When I first became involved with the Hit Twice campaign, it was a relief to find out there were other victims out there like me. I was injured in a car accident and then taken advantage of by the lawyer who was supposed to protect my rights. It didn't take long to find out that I was hardly alone.
As part of our campaign for change in Ontario, I have now heard from several victims with a similar story. After surviving an accident and coping with their injuries, they saw money meant for their recovery and their families' peace of mind go straight to their lawyers' pockets instead.
At Hit Twice we have worked hard to make other victims know this can happen to anyone, reduce the stigma around being taken advantage of, and pressure the government to make the sort of changes to legislation that would protect accident victims from predatory lawyers.
We have made some inroads with our campaign, have gained media attention, and managed to get some people in government to notice. For all the good we have done, and still hope to do, there is one thing that we cannot do: we can't do the Law Society's job for them.
The Law Society could make our entire campaign irrelevant tomorrow if they would simply choose to do their jobs. Earlier this year, an Ontario government study on auto insurance was released called Fair Benefits, Fairly Delivered. It looked at what changes could be made to protect accident victims, and contained several recommendations for the Law Society to better regulate their profession.
For example, the report recommended that contingency fees in tort cases be made fully transparent to the client, including notification that fees can be appealed. We couldn't agree more, and said so in our own submission in response to the report.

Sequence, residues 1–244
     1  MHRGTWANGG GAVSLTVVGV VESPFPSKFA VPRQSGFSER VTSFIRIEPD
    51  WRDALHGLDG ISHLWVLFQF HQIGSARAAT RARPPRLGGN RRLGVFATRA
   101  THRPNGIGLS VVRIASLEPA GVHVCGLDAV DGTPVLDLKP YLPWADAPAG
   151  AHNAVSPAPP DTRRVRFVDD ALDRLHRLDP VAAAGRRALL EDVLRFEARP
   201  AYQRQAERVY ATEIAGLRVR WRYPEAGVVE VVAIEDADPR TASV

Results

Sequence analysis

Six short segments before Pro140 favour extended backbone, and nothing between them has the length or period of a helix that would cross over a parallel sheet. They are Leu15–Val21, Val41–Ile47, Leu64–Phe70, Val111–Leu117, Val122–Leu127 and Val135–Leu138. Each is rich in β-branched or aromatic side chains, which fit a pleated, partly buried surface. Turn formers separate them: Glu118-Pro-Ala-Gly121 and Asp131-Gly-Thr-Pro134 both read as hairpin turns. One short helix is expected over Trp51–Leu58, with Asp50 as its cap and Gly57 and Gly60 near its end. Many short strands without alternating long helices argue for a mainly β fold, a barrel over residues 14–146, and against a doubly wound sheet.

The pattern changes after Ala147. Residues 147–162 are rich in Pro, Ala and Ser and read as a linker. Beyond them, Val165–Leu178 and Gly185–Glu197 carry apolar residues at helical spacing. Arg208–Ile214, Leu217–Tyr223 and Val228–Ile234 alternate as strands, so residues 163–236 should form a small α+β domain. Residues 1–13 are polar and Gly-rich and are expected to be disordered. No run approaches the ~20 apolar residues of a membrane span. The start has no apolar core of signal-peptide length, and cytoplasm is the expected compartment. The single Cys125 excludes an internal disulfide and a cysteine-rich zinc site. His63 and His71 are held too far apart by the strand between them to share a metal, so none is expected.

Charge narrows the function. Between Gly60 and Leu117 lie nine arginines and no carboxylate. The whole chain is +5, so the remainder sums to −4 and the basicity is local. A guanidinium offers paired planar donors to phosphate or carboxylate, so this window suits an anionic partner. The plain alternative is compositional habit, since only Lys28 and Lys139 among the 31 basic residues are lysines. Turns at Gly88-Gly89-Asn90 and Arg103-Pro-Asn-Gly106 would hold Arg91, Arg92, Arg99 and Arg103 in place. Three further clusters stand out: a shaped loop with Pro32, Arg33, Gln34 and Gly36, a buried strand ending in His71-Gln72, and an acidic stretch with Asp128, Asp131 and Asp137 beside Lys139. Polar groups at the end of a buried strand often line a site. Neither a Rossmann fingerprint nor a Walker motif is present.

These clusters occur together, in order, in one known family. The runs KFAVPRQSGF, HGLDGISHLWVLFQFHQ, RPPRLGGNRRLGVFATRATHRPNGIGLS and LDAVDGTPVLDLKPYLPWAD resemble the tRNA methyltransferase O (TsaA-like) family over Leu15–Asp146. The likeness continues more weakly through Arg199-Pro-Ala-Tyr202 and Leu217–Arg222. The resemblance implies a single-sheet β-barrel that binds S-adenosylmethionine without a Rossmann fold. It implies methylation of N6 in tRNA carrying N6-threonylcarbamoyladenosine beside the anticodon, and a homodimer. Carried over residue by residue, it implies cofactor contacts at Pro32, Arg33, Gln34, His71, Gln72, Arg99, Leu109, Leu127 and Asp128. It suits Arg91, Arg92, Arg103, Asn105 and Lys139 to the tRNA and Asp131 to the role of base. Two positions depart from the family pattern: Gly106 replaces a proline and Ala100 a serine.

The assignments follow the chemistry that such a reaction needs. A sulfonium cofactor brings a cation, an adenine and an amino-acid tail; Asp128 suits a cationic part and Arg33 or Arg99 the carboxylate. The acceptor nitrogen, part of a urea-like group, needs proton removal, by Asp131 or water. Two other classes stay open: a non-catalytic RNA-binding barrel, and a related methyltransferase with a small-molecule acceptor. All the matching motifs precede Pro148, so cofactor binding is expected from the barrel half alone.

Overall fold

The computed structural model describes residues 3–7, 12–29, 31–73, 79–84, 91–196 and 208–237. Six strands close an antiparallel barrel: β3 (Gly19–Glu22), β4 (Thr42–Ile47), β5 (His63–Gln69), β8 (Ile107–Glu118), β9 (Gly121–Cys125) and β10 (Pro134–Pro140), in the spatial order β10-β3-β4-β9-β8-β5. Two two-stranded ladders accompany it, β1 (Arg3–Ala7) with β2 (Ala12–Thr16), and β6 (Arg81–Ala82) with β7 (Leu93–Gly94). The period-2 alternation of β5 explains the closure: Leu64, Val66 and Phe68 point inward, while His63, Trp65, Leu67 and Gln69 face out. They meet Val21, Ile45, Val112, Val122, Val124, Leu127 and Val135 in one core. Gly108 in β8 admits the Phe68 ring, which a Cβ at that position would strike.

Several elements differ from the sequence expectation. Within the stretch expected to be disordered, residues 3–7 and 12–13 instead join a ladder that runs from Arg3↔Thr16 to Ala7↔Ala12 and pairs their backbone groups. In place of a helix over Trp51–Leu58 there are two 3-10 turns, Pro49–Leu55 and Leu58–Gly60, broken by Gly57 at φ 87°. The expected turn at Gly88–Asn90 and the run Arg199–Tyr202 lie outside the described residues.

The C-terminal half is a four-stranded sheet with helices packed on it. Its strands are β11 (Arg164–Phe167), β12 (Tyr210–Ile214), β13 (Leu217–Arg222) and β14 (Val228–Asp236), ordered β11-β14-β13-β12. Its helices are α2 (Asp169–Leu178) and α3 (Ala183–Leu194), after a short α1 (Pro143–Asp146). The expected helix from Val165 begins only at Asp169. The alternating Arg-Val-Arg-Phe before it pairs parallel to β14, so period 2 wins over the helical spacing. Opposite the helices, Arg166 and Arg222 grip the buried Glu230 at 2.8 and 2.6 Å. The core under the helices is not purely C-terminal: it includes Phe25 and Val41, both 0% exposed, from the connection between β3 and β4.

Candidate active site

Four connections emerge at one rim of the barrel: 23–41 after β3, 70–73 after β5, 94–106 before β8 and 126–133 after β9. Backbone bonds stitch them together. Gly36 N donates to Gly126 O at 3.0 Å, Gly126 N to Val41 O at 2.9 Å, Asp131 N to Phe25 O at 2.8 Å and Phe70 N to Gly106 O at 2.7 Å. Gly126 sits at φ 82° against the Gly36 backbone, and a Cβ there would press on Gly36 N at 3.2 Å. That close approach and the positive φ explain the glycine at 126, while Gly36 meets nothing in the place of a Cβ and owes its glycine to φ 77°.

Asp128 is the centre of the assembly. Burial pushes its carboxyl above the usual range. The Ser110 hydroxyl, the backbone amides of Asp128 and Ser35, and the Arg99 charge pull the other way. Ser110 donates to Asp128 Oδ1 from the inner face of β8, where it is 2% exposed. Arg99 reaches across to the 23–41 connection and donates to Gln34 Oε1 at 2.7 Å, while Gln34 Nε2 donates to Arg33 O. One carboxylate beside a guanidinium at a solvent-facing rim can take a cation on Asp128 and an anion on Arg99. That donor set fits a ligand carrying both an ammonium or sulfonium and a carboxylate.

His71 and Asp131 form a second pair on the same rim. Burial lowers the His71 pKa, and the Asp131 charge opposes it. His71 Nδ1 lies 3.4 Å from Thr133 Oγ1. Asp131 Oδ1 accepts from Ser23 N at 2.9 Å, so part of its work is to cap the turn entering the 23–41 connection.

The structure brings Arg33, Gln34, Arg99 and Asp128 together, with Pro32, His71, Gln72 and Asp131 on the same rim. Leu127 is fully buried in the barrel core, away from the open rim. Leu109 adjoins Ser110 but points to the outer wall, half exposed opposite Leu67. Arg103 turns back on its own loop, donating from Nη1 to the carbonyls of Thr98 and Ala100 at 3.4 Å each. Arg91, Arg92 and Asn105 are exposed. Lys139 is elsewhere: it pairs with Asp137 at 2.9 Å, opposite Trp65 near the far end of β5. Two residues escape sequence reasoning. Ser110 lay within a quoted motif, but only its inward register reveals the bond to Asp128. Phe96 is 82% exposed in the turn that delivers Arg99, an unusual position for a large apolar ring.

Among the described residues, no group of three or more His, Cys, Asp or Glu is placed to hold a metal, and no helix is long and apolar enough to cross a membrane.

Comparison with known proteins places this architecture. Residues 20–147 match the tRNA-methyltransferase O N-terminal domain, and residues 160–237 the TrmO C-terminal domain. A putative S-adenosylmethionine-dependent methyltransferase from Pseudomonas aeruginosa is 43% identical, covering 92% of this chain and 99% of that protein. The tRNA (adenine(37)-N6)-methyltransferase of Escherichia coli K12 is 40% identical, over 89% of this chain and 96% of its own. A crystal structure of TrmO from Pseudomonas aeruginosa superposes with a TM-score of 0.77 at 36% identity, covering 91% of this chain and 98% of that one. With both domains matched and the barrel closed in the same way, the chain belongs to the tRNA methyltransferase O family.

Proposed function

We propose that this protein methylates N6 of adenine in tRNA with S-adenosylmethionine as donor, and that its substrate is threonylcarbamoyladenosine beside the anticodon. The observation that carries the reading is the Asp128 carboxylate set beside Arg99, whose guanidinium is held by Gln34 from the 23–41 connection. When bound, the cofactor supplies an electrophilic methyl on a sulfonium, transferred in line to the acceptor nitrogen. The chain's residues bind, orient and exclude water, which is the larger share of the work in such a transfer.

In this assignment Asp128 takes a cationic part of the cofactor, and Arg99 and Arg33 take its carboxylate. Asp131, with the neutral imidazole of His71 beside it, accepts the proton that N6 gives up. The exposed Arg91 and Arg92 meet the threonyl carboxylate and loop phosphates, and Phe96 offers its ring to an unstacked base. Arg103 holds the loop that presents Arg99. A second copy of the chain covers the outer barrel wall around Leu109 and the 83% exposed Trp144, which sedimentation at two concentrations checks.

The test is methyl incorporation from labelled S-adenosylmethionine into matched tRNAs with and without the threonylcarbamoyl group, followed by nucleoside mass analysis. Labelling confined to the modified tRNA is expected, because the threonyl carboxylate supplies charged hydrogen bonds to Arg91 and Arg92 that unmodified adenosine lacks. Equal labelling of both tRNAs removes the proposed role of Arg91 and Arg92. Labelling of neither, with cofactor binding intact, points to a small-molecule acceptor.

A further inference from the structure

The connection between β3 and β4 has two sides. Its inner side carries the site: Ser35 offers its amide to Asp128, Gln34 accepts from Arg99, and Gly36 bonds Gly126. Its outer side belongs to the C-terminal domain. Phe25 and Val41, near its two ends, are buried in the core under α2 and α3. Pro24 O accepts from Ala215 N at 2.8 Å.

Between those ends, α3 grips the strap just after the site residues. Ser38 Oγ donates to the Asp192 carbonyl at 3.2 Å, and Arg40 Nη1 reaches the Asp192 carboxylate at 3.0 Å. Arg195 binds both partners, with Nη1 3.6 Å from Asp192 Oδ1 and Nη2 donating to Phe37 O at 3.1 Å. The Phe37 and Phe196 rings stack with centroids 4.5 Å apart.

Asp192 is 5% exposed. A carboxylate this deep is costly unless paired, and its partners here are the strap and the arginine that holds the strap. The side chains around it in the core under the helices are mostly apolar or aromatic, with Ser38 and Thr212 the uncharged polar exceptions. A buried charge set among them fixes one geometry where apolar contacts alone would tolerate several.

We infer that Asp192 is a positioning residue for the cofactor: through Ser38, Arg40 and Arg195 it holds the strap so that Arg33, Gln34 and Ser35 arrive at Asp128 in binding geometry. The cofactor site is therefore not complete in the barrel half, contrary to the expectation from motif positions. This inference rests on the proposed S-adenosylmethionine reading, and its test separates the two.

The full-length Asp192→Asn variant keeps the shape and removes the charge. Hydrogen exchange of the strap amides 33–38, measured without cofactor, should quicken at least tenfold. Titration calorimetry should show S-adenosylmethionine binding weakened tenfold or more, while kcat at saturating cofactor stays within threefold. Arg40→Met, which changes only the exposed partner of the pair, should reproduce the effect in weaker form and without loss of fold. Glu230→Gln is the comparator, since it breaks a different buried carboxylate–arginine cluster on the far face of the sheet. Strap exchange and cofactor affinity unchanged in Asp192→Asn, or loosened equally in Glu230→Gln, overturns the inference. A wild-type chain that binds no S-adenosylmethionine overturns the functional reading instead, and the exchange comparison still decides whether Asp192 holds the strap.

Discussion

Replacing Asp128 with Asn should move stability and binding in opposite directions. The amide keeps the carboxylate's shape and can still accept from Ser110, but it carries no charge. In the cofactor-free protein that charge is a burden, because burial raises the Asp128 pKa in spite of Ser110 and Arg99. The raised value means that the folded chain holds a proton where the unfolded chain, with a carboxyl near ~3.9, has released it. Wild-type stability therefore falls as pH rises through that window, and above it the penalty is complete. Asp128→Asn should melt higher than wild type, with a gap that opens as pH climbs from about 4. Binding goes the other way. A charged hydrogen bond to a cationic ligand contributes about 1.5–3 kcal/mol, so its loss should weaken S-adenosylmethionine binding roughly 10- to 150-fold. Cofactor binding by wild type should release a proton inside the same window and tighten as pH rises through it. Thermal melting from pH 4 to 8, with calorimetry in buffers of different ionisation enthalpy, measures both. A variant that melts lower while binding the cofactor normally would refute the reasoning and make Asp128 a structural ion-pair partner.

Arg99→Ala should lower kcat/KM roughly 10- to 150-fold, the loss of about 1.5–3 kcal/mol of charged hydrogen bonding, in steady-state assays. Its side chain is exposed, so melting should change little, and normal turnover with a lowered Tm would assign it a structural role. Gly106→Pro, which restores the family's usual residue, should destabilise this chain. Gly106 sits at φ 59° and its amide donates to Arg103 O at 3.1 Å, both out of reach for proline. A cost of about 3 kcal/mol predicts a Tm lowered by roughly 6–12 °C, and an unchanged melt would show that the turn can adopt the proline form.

Unethical lawyers reflect poorly on the entire profession, and discourage people from seeking legal help when they need it most.
In another recommendation, the report notes that because accident victims are in a "vulnerable position," the government should consider, among other measures, "restricting contingency fees in personal injury cases." This amounts to recommending a cap on contingency fees – an idea we have proposed since our inception. A contingency fee is the amount a lawyer charges for their services, and is collected by the lawyer as a percentage of the damages awarded in favour of their client. Unlike in other provinces and countries, Ontario has no cap on the amount a lawyer can take as a fee.
Both are reasonable measures that no decent lawyers should object to, and yet the Law Society has failed to implement either one.
The government has shown some response to our efforts, with individual members like Ontario Liberal Mike Colle proposing a bill that would cap contingency fees, and better protect accident victims. The Law Society has talked about capping referral fees — relatively small compared to contingency fees — and introducing standard contracts. That's like handing someone a thimble to bail out a boat.
Doctors, teachers and plenty of other professions have regulatory boards capable of ensuring that they serve the general public honestly and fairly. When there are problems, responsible groups regulate or discipline members to clearly demonstrate they value the public's trust. Why can't the Law Society do the same?
Unethical lawyers reflect poorly on the entire profession, and discourage people from seeking legal help when they need it most. They take advantage of vulnerable people with unfair fees, adding to accident victims' financial woes.
If the Law Society won't look at the recommendations of the government's own report on unethical legal practices and take action, eventually the government is going to have to step in and protect accident victims from the worst elements of the legal profession. But why should the government have to?
Policing their profession is the Law Society's job, and if they need someone else to do it for them, what's the point in having a Law Society at all?
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